There’s a saying which states the market is always right. While that might be true, it’s also quite easy for a new truth to emerge rather quickly and one which flies in the face of current expectations. One name which has this sort of look to it is rare earths and current well-out-of-favor play, Molycorp (MCP).
In front of this evening’s earnings release, shares are off just more than 60% from last spring’s all-time and “It’s going to the moon!” highs. Bulls can and have blamed the stock’s technical short-comings of recent months to increased levels of supply for its mined specialty metals, as well as lesser end user demand. That may be true and the latest investor update from the WSJ Online proclaimed as much just today.
Nonetheless and knowing how prices and investor expectations tend to overshoot often enough, Molycorp’s earnings to act as a bullish catalyst on its share price seems an interesting one. This opinion is made a bit more compelling after pulling up a weekly chart which shows MCP breaking through one longstanding downtrend line while confirming a lower-high, double bottom pattern. This is shown and annotated in Figure 1 below.
Figure 1: Molycorp (MCP) Weekly Chart
Being a reasonable and pragmatic person and one focused on opportunities in the option market, the technical setup for a bullish position becomes more provoking as Molycorp sports both Weeklys and regular options. Not only that, liquidity is quite strong with more than 10,000 contracts changing hands on average. Coupled with reasonable quoted markets and one point wide strike distances, traders so willing, can think about designing tailor-made strategies ranging from the simple to those more complex three and four-legged positions.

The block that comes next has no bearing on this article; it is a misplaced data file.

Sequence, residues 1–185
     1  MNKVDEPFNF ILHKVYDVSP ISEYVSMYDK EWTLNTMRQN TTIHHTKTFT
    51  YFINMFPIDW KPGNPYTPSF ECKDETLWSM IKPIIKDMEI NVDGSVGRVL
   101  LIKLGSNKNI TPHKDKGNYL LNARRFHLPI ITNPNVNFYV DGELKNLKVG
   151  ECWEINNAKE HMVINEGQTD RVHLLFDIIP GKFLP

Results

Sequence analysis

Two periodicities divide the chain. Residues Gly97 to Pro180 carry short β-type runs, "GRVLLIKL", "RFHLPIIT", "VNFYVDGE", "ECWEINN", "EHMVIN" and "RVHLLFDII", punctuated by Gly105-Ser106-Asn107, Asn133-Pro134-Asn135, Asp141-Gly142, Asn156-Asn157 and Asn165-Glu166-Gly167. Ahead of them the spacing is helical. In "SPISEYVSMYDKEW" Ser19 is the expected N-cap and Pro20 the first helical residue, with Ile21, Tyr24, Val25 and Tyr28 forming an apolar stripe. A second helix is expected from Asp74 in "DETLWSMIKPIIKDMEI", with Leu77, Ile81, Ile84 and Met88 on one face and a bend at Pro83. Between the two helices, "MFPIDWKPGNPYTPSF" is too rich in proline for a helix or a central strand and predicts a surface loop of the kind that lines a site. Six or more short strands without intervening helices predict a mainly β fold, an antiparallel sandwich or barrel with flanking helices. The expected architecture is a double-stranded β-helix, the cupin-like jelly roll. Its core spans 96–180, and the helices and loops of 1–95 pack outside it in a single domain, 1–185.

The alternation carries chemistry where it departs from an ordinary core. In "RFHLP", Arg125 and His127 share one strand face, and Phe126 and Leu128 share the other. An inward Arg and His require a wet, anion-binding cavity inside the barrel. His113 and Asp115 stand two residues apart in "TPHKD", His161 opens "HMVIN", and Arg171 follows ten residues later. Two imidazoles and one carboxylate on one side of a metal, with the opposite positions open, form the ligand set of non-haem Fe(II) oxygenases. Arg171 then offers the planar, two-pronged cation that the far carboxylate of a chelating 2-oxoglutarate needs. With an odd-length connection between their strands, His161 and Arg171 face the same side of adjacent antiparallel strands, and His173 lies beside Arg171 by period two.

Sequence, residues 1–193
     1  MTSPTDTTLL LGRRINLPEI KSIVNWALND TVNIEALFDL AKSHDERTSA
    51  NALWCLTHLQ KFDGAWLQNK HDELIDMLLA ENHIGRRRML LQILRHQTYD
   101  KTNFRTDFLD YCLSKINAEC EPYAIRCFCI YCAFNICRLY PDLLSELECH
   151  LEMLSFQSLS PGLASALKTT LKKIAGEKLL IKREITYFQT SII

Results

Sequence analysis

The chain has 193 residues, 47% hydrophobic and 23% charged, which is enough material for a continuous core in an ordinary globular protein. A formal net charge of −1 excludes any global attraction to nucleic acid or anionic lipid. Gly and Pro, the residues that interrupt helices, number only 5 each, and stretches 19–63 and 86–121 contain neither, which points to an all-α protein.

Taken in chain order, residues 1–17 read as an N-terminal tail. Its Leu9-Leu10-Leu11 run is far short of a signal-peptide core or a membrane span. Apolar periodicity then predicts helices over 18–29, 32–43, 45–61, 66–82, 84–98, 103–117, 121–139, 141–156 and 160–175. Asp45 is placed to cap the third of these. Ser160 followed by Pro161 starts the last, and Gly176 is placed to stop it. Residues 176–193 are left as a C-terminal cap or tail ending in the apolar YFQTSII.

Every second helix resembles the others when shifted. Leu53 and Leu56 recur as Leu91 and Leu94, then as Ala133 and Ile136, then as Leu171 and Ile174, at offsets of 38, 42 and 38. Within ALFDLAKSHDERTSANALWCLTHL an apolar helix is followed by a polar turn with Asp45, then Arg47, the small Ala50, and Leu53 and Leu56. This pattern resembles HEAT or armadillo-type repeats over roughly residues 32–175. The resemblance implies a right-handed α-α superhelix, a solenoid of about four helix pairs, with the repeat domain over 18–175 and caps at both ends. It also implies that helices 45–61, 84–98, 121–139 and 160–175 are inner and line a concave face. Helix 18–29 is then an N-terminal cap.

A quick but not entirely correct visual of MCP’s premiums reveals prices to be very cheap in front of the report. Shown in Figure 2, since the company came public, option prices look to be, on a percent IV basis, as cheap as they’ve been in front of an earnings report. However, what this view hides are prices for the Weeklys, which are the pure play for the event.
Investors actually have a choice right now between Friday’s expiring February Weeklys and next Friday’s March Weeklys 1 contract which comes off the board the following week. Not surprisingly, with implieds having less punch per point so close to expiration, prices in those two contracts are looking much stiffer in percentage terms with the February at-the-monies nearing 200% IV and the March bid into the mid-80s.
Figure 2: Molycorp (MCP) Historic Implied Volatility
Given everything that’s been said and based on our observations, I see the use of short term verticals as one way to position with a bit more confidence than otherwise. Bulls and bears might always disagree with our outlook for shares come this evening. But with guaranteed risk controls and allowing for a small percentage of capital allocated towards this sort of still riskier-than-normal position; the poor man’s collar looks to be all the more dynamic for a play on earnings when anything can happen.
Senior Options Writer, former Market Maker & fulltime Option Hedge Hog Advocate
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The information offered here is based upon Christopher Tyler’s observations and strictly intended for educational purposes only, the use of which is the responsibility of the individual.